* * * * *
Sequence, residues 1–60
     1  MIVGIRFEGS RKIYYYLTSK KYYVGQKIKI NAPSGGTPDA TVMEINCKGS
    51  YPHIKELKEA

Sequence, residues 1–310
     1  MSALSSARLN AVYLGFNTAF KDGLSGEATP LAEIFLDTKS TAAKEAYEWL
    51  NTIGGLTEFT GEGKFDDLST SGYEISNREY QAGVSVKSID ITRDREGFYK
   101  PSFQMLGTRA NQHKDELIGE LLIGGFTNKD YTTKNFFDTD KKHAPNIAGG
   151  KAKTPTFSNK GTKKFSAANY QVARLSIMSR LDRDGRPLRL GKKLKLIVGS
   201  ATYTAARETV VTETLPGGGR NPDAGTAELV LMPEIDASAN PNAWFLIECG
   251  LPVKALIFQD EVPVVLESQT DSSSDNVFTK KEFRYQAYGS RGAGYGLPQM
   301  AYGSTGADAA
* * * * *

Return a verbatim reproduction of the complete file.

Sequence, residues 1–60
     1  MIVGIRFEGS RKIYYYLTSK KYYVGQKIKI NAPSGGTPDA TVMEINCKGS
    51  YPHIKELKEA

Sequence, residues 1–310
     1  MSALSSARLN AVYLGFNTAF KDGLSGEATP LAEIFLDTKS TAAKEAYEWL
    51  NTIGGLTEFT GEGKFDDLST SGYEISNREY QAGVSVKSID ITRDREGFYK
   101  PSFQMLGTRA NQHKDELIGE LLIGGFTNKD YTTKNFFDTD KKHAPNIAGG
   151  KAKTPTFSNK GTKKFSAANY QVARLSIMSR LDRDGRPLRL GKKLKLIVGS
   201  ATYTAARETV VTETLPGGGR NPDAGTAELV LMPEIDASAN PNAWFLIECG
   251  LPVKALIFQD EVPVVLESQT DSSSDNVFTK KEFRYQAYGS RGAGYGLPQM
   301  AYGSTGADAA